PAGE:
A man whose suspicious vehicle triggered a scare on Capitol Hill on Monday has apologized for parking so close to a Memorial Day concert event with a car full of propane gas and a pressure cooker. Israel Shimeles told NBC 4 Washington that the suspicious items were taken from his food truck, and that it was “stupid” of him not to realize that police would be immediately alarmed by a car with those contents parked so close to a large holiday gathering.
Shimeles was arrested on Monday for driving with a suspended license and since released with a citation, the report notes. His car was significantly damaged, as bomb rescue teams extracted the suspicious materials and proceeded to detonate them in a contained space on the National Mall. Because “further investigation revealed a pressure cooker, and an odor of gasoline was detected,” explained a police spokeswoman, experts were brought in to blow up the pressure cooker safely in the event that it had been filled with explosive material.
Shimeles explained to NBC that parking with such contents in his car near the Memorial Day event was not at all an attempt to execute a terrorist attack, but merely a decision he should have thought out more. “I just happened to be there,” he explained. “I should have thought about it a little bit more. You know, if I had to do it again, absolutely I would have been a little more careful.” Shimeles issued a blanket apology “for the inconvenience all those people [sic] to enjoy the festivities that you know I delayed it [sic] because of something stupid that I should have thought a little bit more about it. That’s that.”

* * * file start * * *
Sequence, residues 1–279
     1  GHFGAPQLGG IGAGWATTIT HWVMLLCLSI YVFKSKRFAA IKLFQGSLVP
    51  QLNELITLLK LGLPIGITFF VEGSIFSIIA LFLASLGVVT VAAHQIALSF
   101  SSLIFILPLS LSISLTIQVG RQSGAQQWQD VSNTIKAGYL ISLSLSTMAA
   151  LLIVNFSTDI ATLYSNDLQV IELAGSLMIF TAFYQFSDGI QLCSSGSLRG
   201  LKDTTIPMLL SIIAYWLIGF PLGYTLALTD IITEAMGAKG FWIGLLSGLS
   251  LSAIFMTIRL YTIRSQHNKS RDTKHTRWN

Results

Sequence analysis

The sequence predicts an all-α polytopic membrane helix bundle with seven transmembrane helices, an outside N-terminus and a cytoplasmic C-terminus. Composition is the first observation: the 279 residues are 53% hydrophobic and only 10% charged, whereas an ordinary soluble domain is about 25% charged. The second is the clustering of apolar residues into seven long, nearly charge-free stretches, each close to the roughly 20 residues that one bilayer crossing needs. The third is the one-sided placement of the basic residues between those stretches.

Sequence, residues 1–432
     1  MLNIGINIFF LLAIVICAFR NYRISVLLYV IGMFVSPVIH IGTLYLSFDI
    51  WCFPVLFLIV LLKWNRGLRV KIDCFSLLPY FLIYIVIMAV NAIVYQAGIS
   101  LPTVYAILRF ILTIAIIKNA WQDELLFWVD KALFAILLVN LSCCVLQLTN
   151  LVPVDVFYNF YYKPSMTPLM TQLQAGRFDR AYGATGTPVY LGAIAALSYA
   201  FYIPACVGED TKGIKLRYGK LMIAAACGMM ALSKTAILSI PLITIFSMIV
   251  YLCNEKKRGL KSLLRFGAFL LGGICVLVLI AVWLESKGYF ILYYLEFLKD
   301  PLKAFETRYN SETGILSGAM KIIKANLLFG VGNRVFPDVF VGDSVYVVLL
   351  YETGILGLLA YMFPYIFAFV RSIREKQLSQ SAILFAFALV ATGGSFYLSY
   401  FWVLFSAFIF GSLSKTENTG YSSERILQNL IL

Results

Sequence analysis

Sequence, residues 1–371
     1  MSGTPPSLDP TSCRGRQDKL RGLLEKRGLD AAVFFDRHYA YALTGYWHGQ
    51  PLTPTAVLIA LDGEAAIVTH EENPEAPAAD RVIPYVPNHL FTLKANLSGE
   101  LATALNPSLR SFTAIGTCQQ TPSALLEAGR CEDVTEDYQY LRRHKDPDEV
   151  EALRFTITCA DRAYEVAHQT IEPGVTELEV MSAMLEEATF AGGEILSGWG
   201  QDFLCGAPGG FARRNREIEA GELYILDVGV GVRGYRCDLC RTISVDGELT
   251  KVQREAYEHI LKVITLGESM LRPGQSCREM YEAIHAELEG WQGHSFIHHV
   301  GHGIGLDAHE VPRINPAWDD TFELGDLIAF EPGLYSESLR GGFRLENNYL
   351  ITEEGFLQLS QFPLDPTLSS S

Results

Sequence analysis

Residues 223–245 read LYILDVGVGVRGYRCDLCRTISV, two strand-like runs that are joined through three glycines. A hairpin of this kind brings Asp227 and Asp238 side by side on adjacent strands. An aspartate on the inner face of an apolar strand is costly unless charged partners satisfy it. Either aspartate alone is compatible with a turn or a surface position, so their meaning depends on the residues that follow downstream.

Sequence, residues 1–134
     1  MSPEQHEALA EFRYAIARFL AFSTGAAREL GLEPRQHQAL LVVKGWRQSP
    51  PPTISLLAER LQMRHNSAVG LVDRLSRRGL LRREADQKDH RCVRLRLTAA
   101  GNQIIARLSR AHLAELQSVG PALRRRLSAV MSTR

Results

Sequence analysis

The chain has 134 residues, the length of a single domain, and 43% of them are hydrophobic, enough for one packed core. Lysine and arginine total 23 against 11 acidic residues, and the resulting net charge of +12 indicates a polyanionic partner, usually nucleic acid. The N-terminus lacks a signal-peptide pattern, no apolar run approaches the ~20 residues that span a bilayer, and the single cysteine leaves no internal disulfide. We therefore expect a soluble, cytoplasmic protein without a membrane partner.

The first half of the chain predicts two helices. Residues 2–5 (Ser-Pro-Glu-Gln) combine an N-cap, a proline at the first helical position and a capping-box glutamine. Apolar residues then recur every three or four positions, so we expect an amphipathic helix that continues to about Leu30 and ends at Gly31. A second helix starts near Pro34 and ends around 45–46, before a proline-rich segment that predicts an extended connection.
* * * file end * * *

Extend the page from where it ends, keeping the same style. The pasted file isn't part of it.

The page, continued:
Shimeles holds no ill will towards the police because in their situation, he tells NBC, “I would have done the same thing … right in front of the Capitol, of course.”
As for why the food truck items were in his car to begin with, Shimeles says there was simply insufficient space at the moment in the truck, so he moved the materials to his car.
Shimeles’ explanation of the event clarifies a statement by D.C. police that they had let him go because his explanation for why his car, containing those materials, were in the area “checked out.”
Pressure cooker bombs–a type of improvised explosive device–have become increasingly common among would-be terrorists with little resources. As PopSci explains, recipes for such explosives appeared in issues of the famed terrorist guide The Anarchist Cookbook in 1971 and later in the first issue of al-Qaeda magazine Inspire. Evidence shows that terrorist training camps in Afghanistan commonly taught recruits how to make a bomb out of a pressure cooker, as well. The pressure cooker became a particularly noteworthy makeshift bomb after its use in the 2013 Boston Marathon bombing. A copy of Inspire was found on Dzhokhar Tsarnaev’s computer.